Netanyahu on US TV: Iran’s missile program aims at you, not us

Prime Minister Benjamin Netanyahu speaks to CNN on April 5, 2015 on the recent agreement with Iran on its nuclear program. (Photo credit: screenshot/CNN)

Prime Minister Benjamin Netanyahu speaks to CNN on April 5, 2015 on the recent agreement with Iran on its nuclear program. (Photo credit: screenshot/CNN)

 PM says alternative to the new, ‘bad deal’ with Iran is not war, but ‘standing firm for better deal’; Feinstein: This can backfire on him

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Obama details ‘historic’ nuke deal with Iran, Jerusalem slams ‘dangerous capitulation’

President Barack Obama speaks in the Rose Garden of the White House in Washington, Thursday, April 2, 2015, to talk about the breakthrough in the Iranian nuclear talks. The president said the Iran nuclear deal -- if completed -- will make US, allies and the world safer. (photo credit: AP Photo/Pablo Martinez Monsivais)

President Barack Obama speaks in the Rose Garden of the White House in Washington, Thursday, April 2, 2015, to talk about the breakthrough in the Iranian nuclear talks. The president said the Iran nuclear deal — if completed — will make US, allies and the world safer. (photo credit: AP Photo/Pablo Martinez Monsivais)

President says agreement cuts off ‘every path’ to a bomb; Officials in Israel: It legitimizes Iran’s nuclear program; Zarif: No facilities closing; Joy in streets of Tehran

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Iran agrees with world powers to four-month nuclear deadline extension

Iran nuclear talks open in Vienna

Catherine Ashton with Javad Zarif and the Iranian ambassador to Austria Hassan Tajik during the talks Photo: AFP

Iran and world powers strike deal to extend their Sunday deadline to strike a nuclear accord easing fears Tehran will get the bomb

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Iran Nuclear Talks End Without a Deal

Iran Describes Nuclear Talks As ‘Positive’

A summit with six world powers about uranium enrichment closes after two days, although they have pledged to meet again.

 
Participants sit at a table during talks on Iran's nuclear programme in Almaty
SOURCENuclear talks in Almaty have ended after two days

By Tim Marshall, Foreign Affairs Editor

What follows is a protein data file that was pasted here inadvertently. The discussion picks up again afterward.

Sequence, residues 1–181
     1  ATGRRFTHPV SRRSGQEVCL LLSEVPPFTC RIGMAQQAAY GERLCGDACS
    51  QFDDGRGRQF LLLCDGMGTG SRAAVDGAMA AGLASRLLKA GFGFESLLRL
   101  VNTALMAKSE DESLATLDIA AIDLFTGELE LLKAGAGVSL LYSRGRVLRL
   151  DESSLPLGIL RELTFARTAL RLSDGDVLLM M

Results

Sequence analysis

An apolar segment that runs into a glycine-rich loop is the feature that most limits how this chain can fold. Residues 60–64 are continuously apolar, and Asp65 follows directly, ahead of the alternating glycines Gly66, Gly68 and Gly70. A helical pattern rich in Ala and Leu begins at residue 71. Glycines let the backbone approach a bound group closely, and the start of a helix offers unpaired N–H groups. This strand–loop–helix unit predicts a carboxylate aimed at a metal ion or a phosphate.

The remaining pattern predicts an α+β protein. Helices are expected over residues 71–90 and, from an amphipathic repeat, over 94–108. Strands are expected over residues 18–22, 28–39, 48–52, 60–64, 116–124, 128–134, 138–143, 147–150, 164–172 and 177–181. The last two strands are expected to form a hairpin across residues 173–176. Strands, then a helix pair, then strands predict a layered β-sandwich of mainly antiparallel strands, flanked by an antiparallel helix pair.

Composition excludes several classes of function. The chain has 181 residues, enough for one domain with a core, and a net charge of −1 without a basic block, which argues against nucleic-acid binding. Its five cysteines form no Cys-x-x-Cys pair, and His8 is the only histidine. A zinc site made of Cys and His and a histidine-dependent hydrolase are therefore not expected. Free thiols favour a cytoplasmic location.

Negotiations between Iran and international powers have ended with only an agreement to meet again.

A breakthrough was not expected during the two days of talks in the Kazakh city of Almaty, but the Iranian side did say they had been “positive”.

Technical negotiations will now be held in Istanbul on March 18 and there will be another round of political talks in early April.

Six world powers, the US, France, Germany, Britain, Russia, and China went into the talks hoping to persuade Tehran to reduce its uranium enrichment and close the Fordow plant due to suspicions that Iran is attempting to build nuclear weapons.

An offer to ease economic sanctions against Iran was on the table.

Iran, which says its enrichment work is only for peaceful purposes, responded by saying it would discuss the offer.

Its chief negotiator Saeed Jalili said the six powers had tried “to get closer to our viewpoint” and was prepared to discuss reducing uranium enrichment at a later date, but appeared to rule out closing Fordow which is buried deep inside a mountain.

If Iran is serious, then the talks could be presented as a small step towards a peaceful resolution of what is feared could turn into a crisis leading to military action. 

The sanctions against Iran do now appear to be hurting the regime in Tehran.

This could be the cause of the slightly more conciliatory tone from Iran at the talks, but in the past Iran has repeatedly played for time, whilst speeding up its enrichment process en route to getting to a “break out” position when it can quickly move to building a weapon.

Possible evidence of that work has appeared in the Daily Telegraph, which published a satellite picture of the Arak heavy-water production plant in Iran.

It shows what looks like steam coming from a building. This indicates the production of heavy water which is required to produce plutonium.

If Iran is doing this, it suggests a dual path towards a nuclear weapon.

Both uranium and plutonium can be used to make a nuclear device. 

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